Why are manufacturers so prone to cyber attacks?
Verizon’s 2015 Data Breach Investigations Report (DBIR) has found that four out of five security incidents in the manufacturing sector involved denial of service (DoS) attacks, cyber-espionage and crimeware.
Such attacks have the potential to bring down critical systems while bringing productivity to a standstill, damaging customer and partner relationships, and ultimately compromising a company’s reputation and bottom line.
PACE magazine spoke to Jason Whyte, Chief Security Architect, Verizon Enterprise Solutions to try and get to the bottom of the issue.
PACE: Why are manufacturers so prone to DoS attacks in your opinion?
Jason Whyte: What makes the manufacturing industry attractive to DoS attackers is the immediate and quantifiable impact of security attacks to a company’s business operations. Due to their specific use case, the nature of Industrial Control Systems (ICS) is notably different to that of the enterprise network. For example, an ICS typical real-time or near real-time transaction process means high latency or extended service unavailability is not acceptable, security controls and solutions must be tested in an offline non-production environment, and in most cases, component lifespan exceeds 10-15 years. It’s these specificities that create unique challenges when it comes to the ongoing security and availability of these systems.
Attacks on manufacturers tend to be financially motivated or carried out by activists that have an axe to grind with certain manufacturing organisations. This may be due to the perceived environmental impact of the organisation or industry’s operations, the types of products manufactured, and the manner in which the end products are used. For instance, a leading manufacturer of farming and earthmoving equipment became a target due to its role in providing weaponised equipment to be used in highly volatile regions.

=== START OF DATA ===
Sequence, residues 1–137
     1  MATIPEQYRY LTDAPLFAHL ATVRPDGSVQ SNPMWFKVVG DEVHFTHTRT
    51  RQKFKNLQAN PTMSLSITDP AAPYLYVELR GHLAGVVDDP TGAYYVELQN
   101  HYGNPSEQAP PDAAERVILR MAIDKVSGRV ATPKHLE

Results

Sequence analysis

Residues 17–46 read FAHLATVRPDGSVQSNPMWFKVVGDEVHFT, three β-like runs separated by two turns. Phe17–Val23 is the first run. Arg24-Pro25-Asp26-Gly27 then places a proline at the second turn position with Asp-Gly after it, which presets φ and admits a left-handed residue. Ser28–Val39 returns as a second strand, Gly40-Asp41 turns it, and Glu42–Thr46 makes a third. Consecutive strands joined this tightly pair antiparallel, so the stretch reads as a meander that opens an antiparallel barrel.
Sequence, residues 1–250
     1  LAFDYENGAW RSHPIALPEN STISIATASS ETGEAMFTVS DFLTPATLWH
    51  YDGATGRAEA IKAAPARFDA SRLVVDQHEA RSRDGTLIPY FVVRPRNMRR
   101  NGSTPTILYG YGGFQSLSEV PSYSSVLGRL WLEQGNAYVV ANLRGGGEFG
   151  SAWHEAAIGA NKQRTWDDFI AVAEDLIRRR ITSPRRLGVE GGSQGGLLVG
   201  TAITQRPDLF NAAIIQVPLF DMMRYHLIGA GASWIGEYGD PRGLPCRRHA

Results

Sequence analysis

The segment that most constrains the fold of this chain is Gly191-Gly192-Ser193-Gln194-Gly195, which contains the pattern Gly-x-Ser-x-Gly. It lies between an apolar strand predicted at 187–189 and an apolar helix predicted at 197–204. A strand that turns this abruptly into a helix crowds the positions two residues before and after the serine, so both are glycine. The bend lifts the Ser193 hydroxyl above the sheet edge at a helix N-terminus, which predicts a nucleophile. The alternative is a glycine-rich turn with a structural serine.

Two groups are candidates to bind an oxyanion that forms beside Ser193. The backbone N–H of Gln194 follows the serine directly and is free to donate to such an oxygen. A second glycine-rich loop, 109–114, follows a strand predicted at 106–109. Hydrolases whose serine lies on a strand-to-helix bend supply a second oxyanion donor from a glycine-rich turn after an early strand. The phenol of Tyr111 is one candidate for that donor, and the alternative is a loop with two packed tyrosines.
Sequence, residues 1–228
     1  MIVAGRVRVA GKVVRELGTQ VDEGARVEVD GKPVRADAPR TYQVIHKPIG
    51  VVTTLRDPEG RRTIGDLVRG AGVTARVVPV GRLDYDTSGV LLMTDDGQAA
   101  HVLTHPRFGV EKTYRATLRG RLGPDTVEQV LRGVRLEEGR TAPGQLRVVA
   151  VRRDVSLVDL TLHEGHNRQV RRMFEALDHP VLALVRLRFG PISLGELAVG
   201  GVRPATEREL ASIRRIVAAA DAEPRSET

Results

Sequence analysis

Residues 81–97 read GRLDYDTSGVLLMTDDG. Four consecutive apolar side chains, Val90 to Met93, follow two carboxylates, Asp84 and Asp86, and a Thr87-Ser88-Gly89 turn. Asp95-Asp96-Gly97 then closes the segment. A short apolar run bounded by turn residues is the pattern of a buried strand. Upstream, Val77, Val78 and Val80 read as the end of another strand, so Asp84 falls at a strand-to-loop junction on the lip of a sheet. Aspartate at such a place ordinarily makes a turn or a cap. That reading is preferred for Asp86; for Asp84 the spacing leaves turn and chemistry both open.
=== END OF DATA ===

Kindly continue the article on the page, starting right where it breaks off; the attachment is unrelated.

As mentioned, manufacturers hold unique assets that are comparatively easy to target. As such, while cyber security is a relatively new issue for manufacturing organisations when compared with financial services or government agencies its impact is no less significant in the event of an attack.
PACE: What part of the manufacturing industry is most at risk?
Jason Whyte: No segment of the manufacturing industry is immune from risk with the key motivating factors behind most attacks being political and financial. We would hesitate in saying that one part of the industry is at higher risk than another as it lends organisations into a ‘we are not a target’ mindset that is in itself a greater threat. That said, it’s clear that manufacturers involved with anything deemed critical national infrastructure have more to lose in the event of a breach including the loss of ability to generate, distribute and deliver power and water.
PACE: Where are these attacks mainly coming from?
Jason Whyte: Statistics show that a large number of attacks are generated in Asia and Europe.
PACE: Have there been attacks that have been serious enough to risk a company’s bottom line recently?
Jason Whyte: Over the last 18 months, there have been a number of high profile cases that have discussed, in detail, the significant financial impacts to a breached organisation. One such case in particular saw company profits fall 46 per cent in the quarter following this security breach. There is no doubt that a 46 per cent drop in profit, even if for one quarter, would have had a significant impact on the company’s bottom line.